Porsche fans worship the 997 because it’s beautiful, fast, has few problems (mostly with the newer models made after 2007), and has prices that are going up and up. It looks like a good investment when you see how much the prices are going up. But when it was replaced by the 991, which was basically a newer, smarter, and easier-to-drive 911 curtain-raiser, fans couldn’t help but love both.
So, what is the difference between the 997 and the 991 in terms of statistics and other things?
Even though they look more alike than many other 911s from the same generation, they are still very different. This is probably to be expected with a “completely redesigned” flagship model.
If you put the two cars next to each other, you’ll first notice that the 991 is longer. It’s only 2.2 inches longer, but here inches really do make a difference (sorry, guys). The difference is pretty big because 911s have always been short and sporty compared to their competitors, so the move to a more Panamera/Cayenne-like body style is obvious to any Porsche fan.
David Villarreal Fernández's Porsche 991
This is to be expected, though, because Porsche is making more SUVs and Panameras than ever. From a financial and resource point of view, it makes sense to share parts and looks between new models. You only need to look at the first generation Boxster and the 996 to see that Porsche has been doing this for years, but on a much larger scale.
On top of that, 911s have been getting bigger and bigger for decades to make up for the fact that new features have been added to make them look better and make them more comfortable. So, when it came time to redesign the 991’s body, it makes sense that Porsche had to do so in order to match the tech and performance features of other cars in the same generation.
The way a car looks is, like many other changes, a matter of personal taste. The 991 looks much more modern than the 997 because it is longer and has a cleaner, sharper back and front. However, since retro Porsches are becoming more and more popular, this may not be a bad thing for the 997 at all.
The 991’s oval headlights are more noticeable and seem to be pushed further to the sides of the car. The 991 also has a longer wheelbase. These changes aren’t too big of a deal if you’re trying to decide between the two, but for people who bought 911s before 2010, they may be a step too far into the 21st century.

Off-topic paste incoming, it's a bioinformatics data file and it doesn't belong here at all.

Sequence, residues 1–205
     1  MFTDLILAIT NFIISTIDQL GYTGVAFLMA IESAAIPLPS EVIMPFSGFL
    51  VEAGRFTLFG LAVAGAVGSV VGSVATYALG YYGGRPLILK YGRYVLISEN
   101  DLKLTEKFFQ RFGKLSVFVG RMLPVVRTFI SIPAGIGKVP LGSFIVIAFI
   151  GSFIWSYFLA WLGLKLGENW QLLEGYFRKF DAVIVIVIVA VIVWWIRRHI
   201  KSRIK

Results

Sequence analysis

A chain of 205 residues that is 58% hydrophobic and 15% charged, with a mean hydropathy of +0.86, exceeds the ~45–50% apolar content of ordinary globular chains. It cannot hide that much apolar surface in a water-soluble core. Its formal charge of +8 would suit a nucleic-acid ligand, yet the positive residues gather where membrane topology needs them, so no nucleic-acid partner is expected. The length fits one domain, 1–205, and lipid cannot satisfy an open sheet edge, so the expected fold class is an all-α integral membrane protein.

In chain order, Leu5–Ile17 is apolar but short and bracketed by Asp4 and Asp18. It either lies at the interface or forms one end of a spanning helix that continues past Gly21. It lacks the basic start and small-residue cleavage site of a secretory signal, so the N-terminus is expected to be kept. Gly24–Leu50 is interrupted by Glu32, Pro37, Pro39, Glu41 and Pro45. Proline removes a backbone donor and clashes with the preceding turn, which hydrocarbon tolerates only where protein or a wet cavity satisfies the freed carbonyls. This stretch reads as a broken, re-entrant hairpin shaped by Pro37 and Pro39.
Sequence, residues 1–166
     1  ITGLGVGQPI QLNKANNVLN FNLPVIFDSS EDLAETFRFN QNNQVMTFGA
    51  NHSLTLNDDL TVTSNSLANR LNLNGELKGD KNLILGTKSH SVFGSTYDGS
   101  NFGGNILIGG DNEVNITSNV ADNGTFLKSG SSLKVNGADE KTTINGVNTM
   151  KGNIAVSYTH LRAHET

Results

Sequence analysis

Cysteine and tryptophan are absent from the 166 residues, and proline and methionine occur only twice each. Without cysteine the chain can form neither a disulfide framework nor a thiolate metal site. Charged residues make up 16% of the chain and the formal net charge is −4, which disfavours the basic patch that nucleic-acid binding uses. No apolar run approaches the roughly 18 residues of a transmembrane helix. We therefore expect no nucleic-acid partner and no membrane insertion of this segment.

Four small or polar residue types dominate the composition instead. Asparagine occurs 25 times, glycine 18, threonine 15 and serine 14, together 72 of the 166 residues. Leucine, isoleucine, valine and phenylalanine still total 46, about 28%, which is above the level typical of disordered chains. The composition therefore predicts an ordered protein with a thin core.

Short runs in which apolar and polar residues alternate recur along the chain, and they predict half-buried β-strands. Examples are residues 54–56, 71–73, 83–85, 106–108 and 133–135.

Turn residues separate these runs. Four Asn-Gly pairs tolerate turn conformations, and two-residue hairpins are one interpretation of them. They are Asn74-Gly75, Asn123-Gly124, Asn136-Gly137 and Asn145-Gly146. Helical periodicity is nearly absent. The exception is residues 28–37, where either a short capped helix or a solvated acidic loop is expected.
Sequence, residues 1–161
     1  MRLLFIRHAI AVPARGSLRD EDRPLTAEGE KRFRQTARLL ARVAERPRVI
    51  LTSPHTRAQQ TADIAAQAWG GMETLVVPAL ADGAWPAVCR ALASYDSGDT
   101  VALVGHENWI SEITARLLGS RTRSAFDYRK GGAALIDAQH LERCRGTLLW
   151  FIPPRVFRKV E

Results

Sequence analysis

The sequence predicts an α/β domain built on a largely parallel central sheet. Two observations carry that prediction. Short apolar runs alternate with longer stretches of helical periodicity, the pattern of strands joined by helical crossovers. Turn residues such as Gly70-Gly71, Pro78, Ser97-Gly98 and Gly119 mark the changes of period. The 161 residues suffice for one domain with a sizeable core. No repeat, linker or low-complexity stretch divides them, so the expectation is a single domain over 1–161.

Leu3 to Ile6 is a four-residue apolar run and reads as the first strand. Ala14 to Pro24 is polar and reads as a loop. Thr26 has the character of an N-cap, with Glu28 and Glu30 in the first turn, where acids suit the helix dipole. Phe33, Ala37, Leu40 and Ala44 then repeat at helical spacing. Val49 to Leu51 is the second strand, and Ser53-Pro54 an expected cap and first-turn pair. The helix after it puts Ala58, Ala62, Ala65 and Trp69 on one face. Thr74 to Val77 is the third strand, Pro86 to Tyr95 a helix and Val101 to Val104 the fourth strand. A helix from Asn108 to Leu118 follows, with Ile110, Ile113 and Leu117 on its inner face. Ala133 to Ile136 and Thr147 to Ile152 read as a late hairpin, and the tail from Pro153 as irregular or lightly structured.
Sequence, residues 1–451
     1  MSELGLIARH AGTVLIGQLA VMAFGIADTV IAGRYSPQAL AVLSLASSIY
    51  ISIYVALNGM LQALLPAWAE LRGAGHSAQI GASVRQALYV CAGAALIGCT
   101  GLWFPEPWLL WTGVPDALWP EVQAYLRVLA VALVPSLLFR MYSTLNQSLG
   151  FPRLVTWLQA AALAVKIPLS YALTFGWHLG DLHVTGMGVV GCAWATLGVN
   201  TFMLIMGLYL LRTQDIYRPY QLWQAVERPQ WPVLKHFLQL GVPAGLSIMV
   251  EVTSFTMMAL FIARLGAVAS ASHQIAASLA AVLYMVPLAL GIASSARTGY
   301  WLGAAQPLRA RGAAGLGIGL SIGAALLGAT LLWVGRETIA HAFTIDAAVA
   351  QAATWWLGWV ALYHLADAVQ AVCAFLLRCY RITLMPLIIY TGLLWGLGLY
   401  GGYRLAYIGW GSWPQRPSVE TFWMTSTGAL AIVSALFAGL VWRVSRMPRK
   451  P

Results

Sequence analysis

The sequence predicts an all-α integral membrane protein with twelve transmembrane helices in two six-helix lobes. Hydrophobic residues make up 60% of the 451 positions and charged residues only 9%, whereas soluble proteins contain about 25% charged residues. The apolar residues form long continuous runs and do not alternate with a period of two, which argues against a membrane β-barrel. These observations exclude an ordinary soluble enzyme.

The difference in how the two cars are driven, on the other hand, is much more noticeable. Many people think that Porsches have always had the best driving experience on the market. Power steering, raw feelings, and quick acceleration are all things that make a 911 a 911. Driving-wise, the difference between the 997 and the 991 isn’t exactly the end of old-school Porsche driving, but owners of previous flagship models will notice that the 991 is much more refined in this area.
In terms of numbers, it’s not all different when it comes to driving, but that doesn’t always tell the whole story. For example, both cars have a top speed of 174 mph. The 0-60 (or 0-62 if you use French measurements like Porsche) times of the 997 and 991 are also only slightly different. However, the 991 will almost certainly feel faster, mostly because of the 40kg weight shift that comes from using magnesium and aluminum to make the standard model lighter.
This, along with other performance features and upgrades like a switch from power steering to electric steering, a 5bhp boost, an extra 3lb-ft of torque, smarter energy distribution, and better gas mileage, make the two models feel very different on the road, at least in our opinion.
Well, when you drive an old Porsche 911, you get a real sense of how the road feels.
Even though the 991 doesn’t get rid of this at all and is arguably a much better driver than any of the 911s that came before it, especially in terms of accuracy, control, and speed distribution, we do “miss” the raw, heavier, and firmer experience of the 997 when we drive a 991. The 997 feels more like the Porsche we all know and love.
We should expect this, though. Porsches can’t always feel like they’re from the past, and they had to become more modern to meet not only the needs of current drivers but also the needs of other companies’ flagship models.
Has the 991 made a good transition from “retro” to “modern”? Yes. It’s been done really well.
From the point of view of a modern car company and a similar brand of car, everything about the 991 feels right. Even though it might not feel “right” to an old-school Porsche driver, you’ll have to agree that the 991’s fine-tuning, both in terms of how it looks and how it drives, is subjectively really, really good.
When it comes to choosing between the two models, it really comes down to what you like (and your budget).
The Porsche 997 is a beautiful car, a true classic in every way, and its price and interest have been steadily going up for a good reason. On the other hand, the 991 feels more well-rounded, more like a modern sports car, and less like a classic.
At the end of the day, you wouldn’t be upset if you won either of these models in a raffle. The choice comes down to how you like to drive, how much money you have, and, to some extent, how you like things to look.
While you’re still here, let’s look at some of the upgrades we’ve chosen for the 997 and 991.
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Design Facelift Package for 997 MKII
Original front bumper conversion for the 2009 Porsche 997, which also has grills and lights. For cars with radiators in the middle.
The kit comes with:
– Front Bumper
– Lower Spoiler for the Front Bumper
– Centre frame
– Left & Right frames
– Left and right LED indicator/side lamps
– Front Number Plate Holder
– Jets for Cleaning Headlamps
When updating the front end with new LED lights, you don’t need a lamp control unit. You just need a good auto electrician to wire up the lights.